Japan No Longer Environmental Pariah, But Conservationists Still Wary
TOKYO (AP) _ After years of deriding Japan for its support of whaling and its huge market for endangered animals, several major conservation groups are cautiously welcoming Japan in from the cold.
″Basically, the Japanese have gone from being the worst to being one of the worst,″ said Ginette Hemley, director of TRAFFIC USA, an animal protection lobbying group. ″They still are the world’s largest importer of endangered species, but they are finally becoming part of the dialogue.″
For two weeks, Japan has hosted more than 1,400 government officials and private lobbyists in the western city of Kyoto for a meeting of the 112-nation Convention on International Trade in Endangered Species.
Treaty protection for nearly 100 species, including African elephants, was a focus of the group’s first conference since 1989.
Hemley said that by playing host to the conference, which ends Friday, Japan has demonstrated a willingness to address Japanese treaty infractions in an international forum. ″They are ready to come out in the open because they have made a lot of progress,″ she said.
TRAFFIC believes Japan’s market for endangered species could be worth as much as $100 million a year, with large imports of birds and reptile and crocodile skins. Rhinoceros horns still can be found at traditional pharmacies, where they are sold as an aphrodisiac.
Japan also has special permission to trade in seven species protected under the treaty, more than any other country. But over the past year, Japan has stopped trading in seven others.
″I’d been hard on Japan over the past couple of years, but for the last six months I was praising them,″ said Marydele Donnely of the Washington- based Center for Marine Conservation.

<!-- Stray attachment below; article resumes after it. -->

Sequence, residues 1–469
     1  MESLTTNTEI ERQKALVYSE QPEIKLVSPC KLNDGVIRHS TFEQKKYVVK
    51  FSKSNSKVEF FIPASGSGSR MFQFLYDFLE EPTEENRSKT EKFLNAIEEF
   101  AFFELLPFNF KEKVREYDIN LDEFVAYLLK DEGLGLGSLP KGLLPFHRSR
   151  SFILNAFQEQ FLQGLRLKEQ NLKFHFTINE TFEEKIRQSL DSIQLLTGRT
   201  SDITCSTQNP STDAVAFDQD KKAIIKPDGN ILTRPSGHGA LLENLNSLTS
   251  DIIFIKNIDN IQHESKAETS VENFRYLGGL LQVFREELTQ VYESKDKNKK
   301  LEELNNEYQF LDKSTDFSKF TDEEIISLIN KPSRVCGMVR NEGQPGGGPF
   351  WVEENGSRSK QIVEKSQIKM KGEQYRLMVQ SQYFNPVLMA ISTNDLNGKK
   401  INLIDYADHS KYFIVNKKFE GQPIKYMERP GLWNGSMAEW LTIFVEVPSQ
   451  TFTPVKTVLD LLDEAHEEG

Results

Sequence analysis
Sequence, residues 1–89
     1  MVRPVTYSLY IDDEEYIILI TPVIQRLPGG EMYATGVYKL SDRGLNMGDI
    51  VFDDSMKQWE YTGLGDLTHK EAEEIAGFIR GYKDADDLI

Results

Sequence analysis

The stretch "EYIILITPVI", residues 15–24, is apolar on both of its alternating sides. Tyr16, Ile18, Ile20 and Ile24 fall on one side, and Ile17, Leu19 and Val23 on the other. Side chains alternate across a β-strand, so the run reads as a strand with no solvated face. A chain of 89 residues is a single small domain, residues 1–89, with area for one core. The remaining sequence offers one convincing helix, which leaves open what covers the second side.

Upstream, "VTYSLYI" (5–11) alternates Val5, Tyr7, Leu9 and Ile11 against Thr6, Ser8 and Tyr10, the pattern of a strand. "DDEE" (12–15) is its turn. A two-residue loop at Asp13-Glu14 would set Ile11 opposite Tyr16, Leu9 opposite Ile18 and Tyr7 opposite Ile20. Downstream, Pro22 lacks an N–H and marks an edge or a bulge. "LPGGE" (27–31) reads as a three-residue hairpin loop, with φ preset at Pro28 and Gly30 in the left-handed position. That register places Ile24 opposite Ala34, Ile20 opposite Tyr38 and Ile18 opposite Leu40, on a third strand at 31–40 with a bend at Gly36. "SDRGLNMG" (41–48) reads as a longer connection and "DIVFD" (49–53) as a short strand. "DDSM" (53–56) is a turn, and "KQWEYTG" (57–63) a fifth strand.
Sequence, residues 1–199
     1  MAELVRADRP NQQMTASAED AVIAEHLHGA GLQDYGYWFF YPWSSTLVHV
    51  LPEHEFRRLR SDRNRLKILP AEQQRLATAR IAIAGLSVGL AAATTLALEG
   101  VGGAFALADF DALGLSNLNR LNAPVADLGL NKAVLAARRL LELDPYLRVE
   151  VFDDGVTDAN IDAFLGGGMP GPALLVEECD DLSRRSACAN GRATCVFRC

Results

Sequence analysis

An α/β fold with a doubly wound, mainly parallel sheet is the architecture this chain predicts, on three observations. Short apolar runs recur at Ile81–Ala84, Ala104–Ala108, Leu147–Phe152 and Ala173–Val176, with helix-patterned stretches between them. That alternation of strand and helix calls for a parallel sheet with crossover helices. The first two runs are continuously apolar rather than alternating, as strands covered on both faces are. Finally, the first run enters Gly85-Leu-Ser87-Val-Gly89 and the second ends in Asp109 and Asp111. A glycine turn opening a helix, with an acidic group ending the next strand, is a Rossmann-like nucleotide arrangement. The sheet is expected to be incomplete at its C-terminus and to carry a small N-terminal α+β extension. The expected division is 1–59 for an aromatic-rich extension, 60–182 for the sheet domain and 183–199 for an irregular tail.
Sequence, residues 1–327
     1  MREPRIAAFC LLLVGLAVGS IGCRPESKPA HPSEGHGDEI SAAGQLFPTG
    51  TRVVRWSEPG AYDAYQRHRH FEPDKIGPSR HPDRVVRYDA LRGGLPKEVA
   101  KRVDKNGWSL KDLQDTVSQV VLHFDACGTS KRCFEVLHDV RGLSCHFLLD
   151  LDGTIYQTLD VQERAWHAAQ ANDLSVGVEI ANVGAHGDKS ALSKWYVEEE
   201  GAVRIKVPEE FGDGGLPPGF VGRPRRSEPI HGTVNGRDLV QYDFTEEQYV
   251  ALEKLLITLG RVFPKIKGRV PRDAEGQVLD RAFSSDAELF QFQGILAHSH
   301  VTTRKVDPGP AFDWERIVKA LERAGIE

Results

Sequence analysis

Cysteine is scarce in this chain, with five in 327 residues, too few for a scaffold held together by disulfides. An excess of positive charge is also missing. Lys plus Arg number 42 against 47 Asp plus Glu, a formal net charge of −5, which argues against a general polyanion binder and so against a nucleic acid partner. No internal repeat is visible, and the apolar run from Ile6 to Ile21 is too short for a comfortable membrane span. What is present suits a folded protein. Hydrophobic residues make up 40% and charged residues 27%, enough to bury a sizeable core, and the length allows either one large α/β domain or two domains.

Donnely said she has been encouraged by Japan’s decisions to stop using drift nets and to curtail imports of hawksbill turtles, whose shells are used for carving.
But she also criticized Japan’s intense, high-profile lobbying to kill a Swedish proposal at the Kyoto conference that would have banned fishing for bluefin tuna in the western Atlantic Ocean. ″I think it showed ruthlessness, and I would also call it deplorable,″ she said.
Sweden’s chief delegate, Sven Johannson, complaining that politics had overshadowed biological concerns, withdrew the proposal on Tuesday.
Mainly because of the huge demand for sushi and sashimi, Japan is the world’s largest importer of bluefin tuna. About half the total worldwide catch is consumed in Japan.
According to estimates released recently by the International Commission for Conservation of Atlantic Tunas, the population of adult bluefin in the western Atlantic has plunged 90 percent over the past 20 years.
Those figures prompted conservationists to seek protection for the species. Tuna fishermen in Japan quickly began lobbying against the move, and headlines warned Japanese newspaper readers that their right to eat sashimi was under attack.